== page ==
Four AAM Players Kick Start Race for Air New Zealand’s Future Zero-Emission Aircraft

Air New Zealand will work with four partners on developing its next-generation aircraft 7 photos
Photo: Air New Zealand
Air New Zealand will select one or more of these four zero-emission aircraftCranfield Aerospace AircraftAir New Zealand will select one or more of these four zero-emission aircraftEviation AircraftVoltAero AircraftBeta Technologies Aircraft
Zero-emission long-haul flights are still a distant dream, but some airline operators are already working on green solutions that could renew their fleet one day. Air New Zealand just made a bold move, launching the Mission NextGen Aircraft program.
We’ve said it before – future AAM (Advanced Air Mobility) needs the cooperation of all stakeholders involved. This is one of the reasons why Air New Zealand chose to work not with one, but with several of the top developers of zero-emission aircraft propulsion technology.

The airline recently announced the official launch of its new program, called Mission NextGen Aircraft. Part of this program is collaborating with four top names in the industry – Eviation, Beta, VoltAero, and Cranfield Aerospace.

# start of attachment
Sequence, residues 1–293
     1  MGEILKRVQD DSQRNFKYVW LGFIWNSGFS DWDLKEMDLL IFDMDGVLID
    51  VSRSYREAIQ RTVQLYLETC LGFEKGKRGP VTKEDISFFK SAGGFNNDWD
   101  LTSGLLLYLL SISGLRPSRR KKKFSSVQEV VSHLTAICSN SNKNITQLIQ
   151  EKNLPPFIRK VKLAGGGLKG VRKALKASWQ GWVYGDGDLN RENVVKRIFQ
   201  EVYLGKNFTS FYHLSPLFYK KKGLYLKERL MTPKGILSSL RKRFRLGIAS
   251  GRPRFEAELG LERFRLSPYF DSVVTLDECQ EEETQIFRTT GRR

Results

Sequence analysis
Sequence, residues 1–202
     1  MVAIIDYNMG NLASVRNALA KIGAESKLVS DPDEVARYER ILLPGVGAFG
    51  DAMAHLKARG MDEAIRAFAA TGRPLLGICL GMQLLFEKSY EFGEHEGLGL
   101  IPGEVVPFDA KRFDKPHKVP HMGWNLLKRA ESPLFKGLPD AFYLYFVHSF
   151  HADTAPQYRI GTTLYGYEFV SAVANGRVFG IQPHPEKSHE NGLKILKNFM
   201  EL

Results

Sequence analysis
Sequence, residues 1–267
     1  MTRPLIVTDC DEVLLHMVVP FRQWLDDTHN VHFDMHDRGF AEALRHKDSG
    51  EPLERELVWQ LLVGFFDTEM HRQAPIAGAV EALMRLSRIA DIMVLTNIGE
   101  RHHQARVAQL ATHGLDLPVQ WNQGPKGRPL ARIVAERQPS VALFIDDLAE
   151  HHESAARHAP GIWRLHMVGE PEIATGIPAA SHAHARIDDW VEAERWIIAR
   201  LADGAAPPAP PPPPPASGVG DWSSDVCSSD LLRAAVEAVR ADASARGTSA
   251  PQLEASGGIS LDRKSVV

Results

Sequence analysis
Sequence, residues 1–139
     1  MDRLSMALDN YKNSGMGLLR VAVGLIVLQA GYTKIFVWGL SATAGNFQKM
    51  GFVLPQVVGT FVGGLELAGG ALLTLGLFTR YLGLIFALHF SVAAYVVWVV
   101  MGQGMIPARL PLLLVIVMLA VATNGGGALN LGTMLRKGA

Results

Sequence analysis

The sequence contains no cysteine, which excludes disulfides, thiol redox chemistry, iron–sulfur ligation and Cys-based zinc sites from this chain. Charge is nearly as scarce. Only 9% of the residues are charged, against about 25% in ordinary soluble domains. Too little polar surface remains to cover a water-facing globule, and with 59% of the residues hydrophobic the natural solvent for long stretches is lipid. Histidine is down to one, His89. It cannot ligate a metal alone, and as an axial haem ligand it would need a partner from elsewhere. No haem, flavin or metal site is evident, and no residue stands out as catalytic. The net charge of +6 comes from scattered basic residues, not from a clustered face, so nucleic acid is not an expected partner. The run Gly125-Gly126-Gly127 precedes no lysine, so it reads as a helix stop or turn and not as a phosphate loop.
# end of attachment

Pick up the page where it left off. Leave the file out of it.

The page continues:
The goal is to eventually select one or more of these partners for the purchase of a new-generation, emissions-free aircraft, while also helping to “move the whole ecosystem along.” This new aircraft would eventually replace the operator’s domestic fleet of Q300 turboprops, with a launch date set for 2026.

Whether that will be a hydrogen-fueled airliner, a hybrid-electric one, or a SAF-powered version, it’s still undetermined. Each of the project’s partners brings a different perspective on the zero-emission flight, and focuses on different propulsion technologies.

Air New Zealand believes that in 12 months tops it will be ready to make its final choice for a zero-emissions demonstrator, either a cargo or passenger aircraft. Three of these aircraft will be purchased initially, with 20 more potentially following.

Meanwhile, it will also be working with infrastructure partners, such as Hiringa Energy, a local green hydrogen supply and refueling company. That’s because the new aircraft will also need a supporting infrastructure network.

It’s a big step, and it’s just the beginning of an ambitious plan that envisions a brand-new, all-green fleet that will hopefully kick-start operations by 2030.
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About the author: Otilia Drăgan
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Otilia believes that if it’s eco, green, or groundbreaking, people should know about it (especially if it's got wheels or wings). Working in online media for over five years, she's gained a deeper perspective on how people everywhere can inspire each other.
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